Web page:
18. Josephus Flavius, Jewish Antiquities, 2.284-2.287, 2.320, 8.45-8.46, 10.195-10.238, 20.97-20.99, 20.141-20.144, 20.160, 20.167-20.172, 20.188 (1st cent. CE - 1st cent. CE)  Tagged with subjects: •moses, as magician Found in books: Bloch (2022), Ancient Jewish Diaspora: Essays on Hellenism, 40, 41, 42, 45, 46, 47, 48, 49, 50, 51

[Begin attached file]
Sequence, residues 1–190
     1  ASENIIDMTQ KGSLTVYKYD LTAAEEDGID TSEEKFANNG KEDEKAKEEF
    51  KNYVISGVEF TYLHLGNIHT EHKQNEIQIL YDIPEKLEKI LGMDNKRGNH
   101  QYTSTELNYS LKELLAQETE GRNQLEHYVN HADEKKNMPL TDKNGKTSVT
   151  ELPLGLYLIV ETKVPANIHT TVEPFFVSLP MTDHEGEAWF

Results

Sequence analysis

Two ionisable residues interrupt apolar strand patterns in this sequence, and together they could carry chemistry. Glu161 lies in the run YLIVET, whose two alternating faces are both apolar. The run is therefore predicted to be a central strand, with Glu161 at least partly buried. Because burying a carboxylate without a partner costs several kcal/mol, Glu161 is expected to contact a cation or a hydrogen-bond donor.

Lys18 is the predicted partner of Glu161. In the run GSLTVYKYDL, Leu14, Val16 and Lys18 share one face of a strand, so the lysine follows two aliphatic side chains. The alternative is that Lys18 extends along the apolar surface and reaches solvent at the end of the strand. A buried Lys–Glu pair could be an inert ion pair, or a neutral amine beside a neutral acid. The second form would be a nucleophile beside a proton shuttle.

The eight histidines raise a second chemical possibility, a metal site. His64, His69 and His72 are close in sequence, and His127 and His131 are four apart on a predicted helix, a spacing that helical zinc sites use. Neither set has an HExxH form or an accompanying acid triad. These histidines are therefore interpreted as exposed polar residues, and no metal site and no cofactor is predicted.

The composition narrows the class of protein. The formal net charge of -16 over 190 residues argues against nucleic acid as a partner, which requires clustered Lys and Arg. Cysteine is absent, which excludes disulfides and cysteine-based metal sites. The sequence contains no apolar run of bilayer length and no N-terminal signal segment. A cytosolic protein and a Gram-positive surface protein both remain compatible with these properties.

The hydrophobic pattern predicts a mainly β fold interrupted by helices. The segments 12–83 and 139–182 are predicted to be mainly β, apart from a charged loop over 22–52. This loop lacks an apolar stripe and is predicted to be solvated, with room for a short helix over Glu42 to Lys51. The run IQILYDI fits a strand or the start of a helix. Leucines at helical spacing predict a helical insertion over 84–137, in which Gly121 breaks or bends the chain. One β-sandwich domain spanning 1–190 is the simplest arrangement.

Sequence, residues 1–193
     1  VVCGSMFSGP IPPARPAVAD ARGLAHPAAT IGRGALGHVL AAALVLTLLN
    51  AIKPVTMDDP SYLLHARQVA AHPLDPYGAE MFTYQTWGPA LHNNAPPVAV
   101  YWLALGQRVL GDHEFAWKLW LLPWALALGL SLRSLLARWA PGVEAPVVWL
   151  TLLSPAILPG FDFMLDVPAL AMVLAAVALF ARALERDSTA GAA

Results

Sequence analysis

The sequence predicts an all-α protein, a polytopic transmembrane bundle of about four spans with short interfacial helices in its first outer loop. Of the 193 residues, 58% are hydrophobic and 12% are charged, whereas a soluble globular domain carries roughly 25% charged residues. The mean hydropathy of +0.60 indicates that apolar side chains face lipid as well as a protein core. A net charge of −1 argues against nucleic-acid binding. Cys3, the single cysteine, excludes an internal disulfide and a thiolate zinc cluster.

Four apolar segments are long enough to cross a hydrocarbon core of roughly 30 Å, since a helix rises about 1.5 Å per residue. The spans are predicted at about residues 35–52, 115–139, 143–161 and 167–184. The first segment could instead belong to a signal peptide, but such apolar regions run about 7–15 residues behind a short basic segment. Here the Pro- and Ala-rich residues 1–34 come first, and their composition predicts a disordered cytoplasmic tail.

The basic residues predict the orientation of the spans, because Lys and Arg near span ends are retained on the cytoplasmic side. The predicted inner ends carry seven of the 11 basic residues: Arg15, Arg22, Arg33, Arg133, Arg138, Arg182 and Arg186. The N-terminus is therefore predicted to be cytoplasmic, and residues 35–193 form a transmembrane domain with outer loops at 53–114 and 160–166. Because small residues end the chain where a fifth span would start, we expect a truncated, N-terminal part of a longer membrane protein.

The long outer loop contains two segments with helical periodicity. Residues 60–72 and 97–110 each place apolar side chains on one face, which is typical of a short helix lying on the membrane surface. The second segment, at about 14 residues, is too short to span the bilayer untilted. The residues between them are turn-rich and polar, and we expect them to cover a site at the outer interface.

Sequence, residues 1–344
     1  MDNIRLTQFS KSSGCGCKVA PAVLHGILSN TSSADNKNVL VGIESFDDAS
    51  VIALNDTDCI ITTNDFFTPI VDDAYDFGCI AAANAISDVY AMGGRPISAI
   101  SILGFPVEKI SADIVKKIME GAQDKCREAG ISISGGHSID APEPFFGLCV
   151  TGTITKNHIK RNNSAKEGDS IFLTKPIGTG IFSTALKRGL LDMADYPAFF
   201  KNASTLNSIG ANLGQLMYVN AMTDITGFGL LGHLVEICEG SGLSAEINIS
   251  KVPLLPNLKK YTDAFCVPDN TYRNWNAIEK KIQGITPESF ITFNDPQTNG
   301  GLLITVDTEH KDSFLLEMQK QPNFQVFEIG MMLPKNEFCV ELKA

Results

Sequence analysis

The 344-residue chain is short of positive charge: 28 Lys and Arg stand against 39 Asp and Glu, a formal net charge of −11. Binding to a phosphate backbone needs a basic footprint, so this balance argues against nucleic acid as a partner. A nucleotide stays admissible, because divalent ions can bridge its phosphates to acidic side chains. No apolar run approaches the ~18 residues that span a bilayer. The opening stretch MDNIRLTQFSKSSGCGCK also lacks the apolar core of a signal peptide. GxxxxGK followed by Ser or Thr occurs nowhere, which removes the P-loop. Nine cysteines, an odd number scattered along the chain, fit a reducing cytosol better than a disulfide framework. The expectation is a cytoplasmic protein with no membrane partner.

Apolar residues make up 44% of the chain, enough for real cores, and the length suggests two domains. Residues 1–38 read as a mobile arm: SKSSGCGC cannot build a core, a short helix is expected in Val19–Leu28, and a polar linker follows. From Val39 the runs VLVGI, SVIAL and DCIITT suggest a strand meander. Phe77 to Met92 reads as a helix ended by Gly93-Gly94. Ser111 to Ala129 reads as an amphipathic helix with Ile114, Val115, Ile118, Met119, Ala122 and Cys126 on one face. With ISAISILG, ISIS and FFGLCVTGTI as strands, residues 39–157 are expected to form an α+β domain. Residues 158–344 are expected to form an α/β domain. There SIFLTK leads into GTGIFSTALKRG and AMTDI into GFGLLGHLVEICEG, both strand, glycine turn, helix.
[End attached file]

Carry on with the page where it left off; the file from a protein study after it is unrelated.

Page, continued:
2.284. 3. But when the king derided Moses; he made him in earnest see the signs that were done at Mount Sinai. Yet was the king very angry with him and called him an ill man, who had formerly run away from his Egyptian slavery, and came now back with deceitful tricks, and wonders, and magical arts, to astonish him. 2.285. And when he had said this, he commanded the priests to let him see the same wonderful sights; as knowing that the Egyptians were skillful in this kind of learning, and that he was not the only person who knew them, and pretended them to be divine; as also he told him, that when he brought such wonderful sights before him, he would only be believed by the unlearned. Now when the priests threw down their rods, they became serpents. 2.286. But Moses was not daunted at it; and said, “O king, I do not myself despise the wisdom of the Egyptians, but I say that what I do is so much superior to what these do by magic arts and tricks, as divine power exceeds the power of man: but I will demonstrate that what I do is not done by craft, or counterfeiting what is not really true, but that they appear by the providence and power of God.” 2.287. And when he had said this, he cast his rod down upon the ground, and commanded it to turn itself into a serpent. It obeyed him, and went all round, and devoured the rods of the Egyptians, which seemed to be dragons, until it had consumed them all. It then returned to its own form, and Moses took it into his hand again. 2.320. 3. But the Egyptians soon repented that the Hebrews were gone; and the king also was mightily concerned that this had been procured by the magic arts of Moses; so they resolved to go after them. Accordingly they took their weapons, and other warlike furniture, and pursued after them, in order to bring them back, if once they overtook them, because they would now have no pretense to pray to God against them, since they had already been permitted to go out; 8.45. God also enabled him to learn that skill which expels demons, which is a science useful and sanative to men. He composed such incantations also by which distempers are alleviated. And he left behind him the manner of using exorcisms, by which they drive away demons, so that they never return; 8.46. and this method of cure is of great force unto this day; for I have seen a certain man of my own country, whose name was Eleazar, releasing people that were demoniacal in the presence of Vespasian, and his sons, and his captains, and the whole multitude of his soldiers. The manner of the cure was this: 10.195. 3. Now two years after the destruction of Egypt, king Nebuchadnezzar saw a wonderful dream, the accomplishment of which God showed him in his sleep; but when he arose out of his bed, he forgot the accomplishment. So he sent for the Chaldeans and magicians, and the prophets, and told them that he had seen a dream, and informed them that he had forgotten the accomplishment of what he had seen, and he enjoined them to tell him both what the dream was, and what was its signification; 10.196. and they said that this was a thing impossible to be discovered by men; but they promised him, that if he would explain to them what dream he had seen, they would tell him its signification. Hereupon he threatened to put them to death, unless they told him his dream; and he gave command to have them all put to death, since they confessed they could not do what they were commanded to do. 10.197. Now when Daniel heard that the king had given a command, that all the wise men should be put to death, and that among them himself and his three kinsmen were in danger, he went to Arioch, who was captain of the king’s guards, 10.198. and desired to know of him what was the reason why the king had given command that all the wise men, and Chaldeans, and magicians should be slain. So when he had learned that the king had had a dream, and had forgotten it, and that when they were enjoined to inform the king of it, they had said they could not do it, and had thereby provoked him to anger, he desired of Arioch that he would go in to the king, and desire respite for the magicians for one night, and to put off their slaughter so long, for that he hoped within that time to obtain, by prayer to God, the knowledge of the dream. 10.199. Accordingly, Arioch informed the king of what Daniel desired. So the king bid them delay the slaughter of the magicians till he knew what Daniel’s promise would come to; but the young man retired to his own house, with his kinsmen, and besought God that whole night to discover the dream, and thereby deliver the magicians and Chaldeans, with whom they were themselves to perish, from the king’s anger, by enabling him to declare his vision, and to make manifest what the king had seen the night before in his sleep, but had forgotten it. 10.200. Accordingly, God, out of pity to those that were in danger, and out of regard to the wisdom of Daniel, made known to him the dream and its interpretation, that so the king might understand by him its signification also. 10.201. When Daniel had obtained this knowledge from God, he arose very joyful, and told it to his brethren, and made them glad, and to hope well that they should now preserve their lives, of which they despaired before, and had their minds full of nothing but the thoughts of dying. 10.202. So when he had with them returned thanks to God, who had commiserated their youth, when it was day he came to Arioch, and desired him to bring him to the king, because he would discover to him that dream which he had seen the night before. 10.203. 4. When Daniel was come in to the king, he excused himself first, that he did not pretend to be wiser than the other Chaldeans and magicians, when, upon their entire inability to discover his dream, he was undertaking to inform him of it; for this was not by his own skill, or on account of his having better cultivated his understanding than the rest; but he said, “God hath had pity upon us, when we were in danger of death, and when I prayed for the life of myself, and of those of my own nation, hath made manifest to me both the dream, and the interpretation thereof; 10.204. for I was not less concerned for thy glory than for the sorrow that we were by thee condemned to die, while thou didst so unjustly command men, both good and excellent in themselves, to be put to death, when thou enjoinedst them to do what was entirely above the reach of human wisdom, and requiredst of them what was only the work of God. 10.205. Wherefore, as thou in thy sleep wast solicitous concerning those that should succeed thee in the government of the whole world, God was desirous to show thee all those that should reign after thee, and to that end exhibited to thee the following dream: 10.206. Thou seemedst to see a great image standing before thee, the head of which proved to be of gold, the shoulders and arms of silver, and the belly and the thighs of brass, but the legs and the feet of iron; 10.207. after which thou sawest a stone broken off from a mountain, which fell upon the image, and threw it down, and brake it to pieces, and did not permit any part of it to remain whole; but the gold, the silver, the brass, and the iron, became smaller than meal, which, upon the blast of a violent wind, was by force carried away, and scattered abroad, but the stone did increase to such a degree, that the whole earth beneath it seemed to be filled therewith. 10.208. This is the dream which thou sawest, and its interpretation is as follows: The head of gold denotes thee, and the kings of Babylon that have been before thee; but the two hands and arms signify this, that your government shall be dissolved by two kings; 10.209. but another king that shall come from the west, armed with brass, shall destroy that government; and another government, that shall be like unto iron, shall put an end to the power of the former, and shall have dominion over all the earth, on account of the nature of iron, which is stronger than that of gold, of silver, and of brass.” 10.210. Daniel did also declare the meaning of the stone to the king but I do not think proper to relate it, since I have only undertaken to describe things past or things present, but not things that are future; yet if any one be so very desirous of knowing truth, as not to wave such points of curiosity, and cannot curb his inclination for understanding the uncertainties of futurity, and whether they will happen or not, let him be diligent in reading the book of Daniel, which he will find among the sacred writings. 10.211. 5. When Nebuchadnezzar heard this, and recollected his dream, he was astonished at the nature of Daniel, and fell upon his knee; and saluted Daniel in the manner that men worship God, 10.212. and gave command that he should be sacrificed to as a god. And this was not all, for he also imposed the name, of his own god upon him, [Baltasar,] and made him and his kinsmen rulers of his whole kingdom; which kinsmen of his happened to fall into great danger by the envy and malice [of their enemies]; for they offended the king upon the occasion following: 10.213. he made an image of gold, whose height was sixty cubits, and its breadth six cubits, and set it in the great plain of Babylon; and when he was going to dedicate the image, he invited the principal men out of all the earth that was under his dominions, and commanded them, in the first place, that when they should hear the sound of the trumpet, they should then fall down and worship the image; and he threatened, that those who did not do so, should be cast into a fiery furnace. 10.214. When therefore all the rest, upon the hearing of the sound of the trumpet, worshipped the image, they relate that Daniel’s kinsmen did not do it, because they would not transgress the laws of their country. So these men were convicted, and cast immediately into the fire, but were saved by Divine Providence, and after a surprising manner escaped death, 10.215. for the fire did not touch them; and I suppose that it touched them not, as if it reasoned with itself, that they were cast into it without any fault of theirs, and that therefore it was too weak to burn the young men when they were in it. This was done by the power of God, who made their bodies so far superior to the fire, that it could not consume them. This it was which recommended them to the king as righteous men, and men beloved of God, on which account they continued in great esteem with him. 10.216. 6. A little after this the king saw in his sleep again another vision; how he should fall from his dominion, and feed among the wild beasts, and that when he had lived in this manner in the desert for seven years, he should recover his dominion again. When he had seen this dream, he called the magicians together again, and inquired of them about it, and desired them to tell him what it signified; 10.217. but when none of them could find out the meaning of the dream, nor discover it to the king, Daniel was the only person that explained it; and as he foretold, so it came to pass; for after he had continued in the wilderness the forementioned interval of time, while no one durst attempt to seize his kingdom during those seven years, he prayed to God that he might recover his kingdom, and he returned to it. 10.218. But let no one blame me for writing down every thing of this nature, as I find it in our ancient books; for as to that matter, I have plainly assured those that think me defective in any such point, or complain of my management, and have told them in the beginning of this history, that I intended to do no more than translate the Hebrew books into the Greek language, and promised them to explain those facts, without adding any thing to them of my own, or taking any thing away from there. 10.219. 1. Now when king Nebuchadnezzar had reigned forty-three years, he ended his life. He was an active man, and more fortunate than the kings that were before him. Now Berosus makes mention of his actions in the third book of his Chaldaic History, where he says thus: 10.220. “When his father Nebuchodonosor [Nabopollassar] heard that the governor whom he had set over Egypt, and the places about Coelesyria and Phoenicia, had revolted from him, while he was not himself able any longer to undergo the hardships [of war], he committed to his son Nebuchadnezzar, who was still but a youth, some parts of his army, and sent them against him. 10.221. So when Nebuchadnezzar had given battle, and fought with the rebel, he beat him, and reduced the country from under his subjection, and made it a branch of his own kingdom; but about that time it happened that his father Nebuchodonosor [Nabopollassar] fell ill, and ended his life in the city Babylon, when he had reigned twenty-one years; 10.222. and when he was made sensible, as he was in a little time, that his father Nebuchodonosor [Nabopollassar] was dead, and having settled the affairs of Egypt, and the other countries, as also those that concerned the captive Jews, and Phoenicians, and Syrians, and those of the Egyptian nations; and having committed the conveyance of them to Babylon to certain of his friends, together with the gross of his army, and the rest of their ammunition and provisions, he went himself hastily, accompanied with a few others, over the desert, and came to Babylon. 10.223. So he took upon him the management of public affairs, and of the kingdom which had been kept for him by one that was the principal of the Chaldeans, and he received the entire dominions of his father, and appointed, that when the captives came, they should be placed as colonies, in the most proper places of Babylonia; 10.224. but then he adorned the temple of Belus, and the rest of the temples, in a magnificent manner, with the spoils he had taken in the war. He also added another city to that which was there of old, and rebuilt it, that such as would besiege it hereafter might no more turn the course of the river, and thereby attack the city itself. He therefore built three walls round about the inner city, and three others about that which was the outer, and this he did with burnt brick. 10.225. And after he had, after a becoming manner, walled the city, and adorned its gates gloriously, he built another palace before his father’s palace, but so that they joined to it; to describe whose vast height and immense riches it would perhaps be too much for me to attempt; yet as large and lofty as they were, they were completed in fifteen days. 10.226. He also erected elevated places for walking, of stone, and made it resemble mountains, and built it so that it might be planted with all sorts of trees. He also erected what was called a pensile paradise, because his wife was desirous to have things like her own country, she having been bred up in the palaces of Media.” 10.227. Megasthenes also, in his fourth book of his Accounts of India, makes mention of these things, and thereby endeavors to show that this king [Nebuchadnezzar] exceeded Hercules in fortitude, and in the greatness of his actions; for he saith that he conquered a great part of Libya and Iberia. 10.228. Diocles also, in the second book of his Accounts of Persia, mentions this king; as does Philostrates in his Accounts both of India and of Phoenicia, say, that this king besieged Tyre thirteen years, while at the same time Ethbaal reigned at Tyre. These are all the histories that I have met with concerning this king. 10.229. 2. But now, after the death of Nebuchadnezzar, Evil-Merodach his son succeeded in the kingdom, who immediately set Jeconiah at liberty, and esteemed him among his most intimate friends. He also gave him many presents, and made him honorable above the rest of the kings that were in Babylon; 10.230. for his father had not kept his faith with Jeconiah, when he voluntarily delivered up himself to him, with his wives and children, and his whole kindred, for the sake of his country, that it might not be taken by siege, and utterly destroyed, as we said before. 10.231. When Evil-Mcrodach was dead, after a reign of eighteen years, Niglissar his son took the government, and retained it forty years, and then ended his life; and after him the succession in the kingdom came to his son Labosordacus, who continued in it in all but nine months; and when he was dead, it came to Baltasar, who by the Babylonians was called Naboandelus; 10.232. against him did Cyrus, the king of Persia, and Darius, the king of Media, make war; and when he was besieged in Babylon, there happened a wonderful and prodigious vision. He was sat down at supper in a large room, and there were a great many vessels of silver, such as were made for royal entertainments, and he had with him his concubines and his friends; 10.233. whereupon he came to a resolution, and commanded that those vessels of God which Nebuchadnezzar had plundered out of Jerusalem, and had not made use of, but had put them into his own temple, should be brought out of that temple. He also grew so haughty as to proceed to use them in the midst of his cups, drinking out of them, and blaspheming against God. In the mean time, he saw a hand proceed out of the wall, and writing upon the wall certain syllables; 10.234. at which sight, being disturbed, he called the magicians and Chaldeans together, and all that sort of men that are among these barbarians, and were able to interpret signs and dreams, that they might explain the writing to him. 10.235. But when the magicians said they could discover nothing, nor did understand it, the king was in great disorder of mind, and under great trouble at this surprising accident; so he caused it to be proclaimed through all the country, and promised, that to him who could explain the writing, and give the signification couched therein, he would give him a golden chain for his neck, and leave to wear a purple garment, as did the kings of Chaldea, and would bestow on him the third part of his own dominions. 10.236. When this proclamation was made, the magicians ran together more earnestly, and were very ambitious to find out the importance of the writing, but still hesitated about it as much as before. 10.237. Now when the king’s grandmother saw him cast down at this accident, she began to encourage him, and to say, that there was a certain captive who came from Judea, a Jew by birth, but brought away thence by Nebuchadnezzar when he had destroyed Jerusalem, whose name was Daniel, a wise man, and one of great sagacity in finding out what was impossible for others to discover, and what was known to God alone, who brought to light and answered such questions to Nebuchadnezzar as no one else was able to answer when they were consulted. 10.238. She therefore desired that he would send for him, and inquire of him concerning the writing, and to condemn the unskilfulness of those that could not find their meaning, and this, although what God signified thereby should be of a melancholy nature. 20.97. 1. Now it came to pass, while Fadus was procurator of Judea, that a certain magician, whose name was Theudas, persuaded a great part of the people to take their effects with them, and follow him to the river Jordan; for he told them he was a prophet, and that he would, by his own command, divide the river, and afford them an easy passage over it; 20.98. and many were deluded by his words. However, Fadus did not permit them to make any advantage of his wild attempt, but sent a troop of horsemen out against them; who, falling upon them unexpectedly, slew many of them, and took many of them alive. They also took Theudas alive, and cut off his head, and carried it to Jerusalem. 20.99. This was what befell the Jews in the time of Cuspius Fadus’s government. 20.141. 2. But for the marriage of Drusilla with Azizus, it was in no long time afterward dissolved upon the following occasion: 20.142. While Felix was procurator of Judea, he saw this Drusilla, and fell in love with her; for she did indeed exceed all other women in beauty; and he sent to her a person whose name was Simon one of his friends; a Jew he was, and by birth a Cypriot, and one who pretended to be a magician, and endeavored to persuade her to forsake her present husband, and marry him; and promised, that if she would not refuse him, he would make her a happy woman. 20.143. Accordingly she acted ill, and because she was desirous to avoid her sister Bernice’s envy, for she was very ill treated by her on account of her beauty, was prevailed upon to transgress the laws of her forefathers, and to marry Felix; and when he had had a son by her, he named him Agrippa. 20.144. But after what manner that young man, with his wife, perished at the conflagration of the mountain Vesuvius, in the days of Titus Caesar, shall be related hereafter. 20.160. 5. Now as for the affairs of the Jews, they grew worse and worse continually, for the country was again filled with robbers and impostors, who deluded the multitude. 20.167. 6. These works, that were done by the robbers, filled the city with all sorts of impiety. And now these impostors and deceivers persuaded the multitude to follow them into the wilderness, 20.168. and pretended that they would exhibit manifest wonders and signs, that should be performed by the providence of God. And many that were prevailed on by them suffered the punishments of their folly; for Felix brought them back, and then punished them. 20.169. Moreover, there came out of Egypt about this time to Jerusalem one that said he was a prophet, and advised the multitude of the common people to go along with him to the Mount of Olives, as it was called, which lay over against the city, and at the distance of five furlongs. 20.170. He said further, that he would show them from hence how, at his command, the walls of Jerusalem would fall down; and he promised them that he would procure them an entrance into the city through those walls, when they were fallen down. 20.171. Now when Felix was informed of these things, he ordered his soldiers to take their weapons, and came against them with a great number of horsemen and footmen from Jerusalem, and attacked the Egyptian and the people that were with him. He also slew four hundred of them, and took two hundred alive. 20.172. But the Egyptian himself escaped out of the fight, but did not appear any more. And again the robbers stirred up the people to make war with the Romans, and said they ought not to obey them at all; and when any persons would not comply with them, they set fire to their villages, and plundered them. 20.188. So Festus sent forces, both horsemen and footmen, to fall upon those that had been seduced by a certain impostor, who promised them deliverance and freedom from the miseries they were under, if they would but follow him as far as the wilderness. Accordingly, those forces that were sent destroyed both him that had deluded them, and those that were his followers also.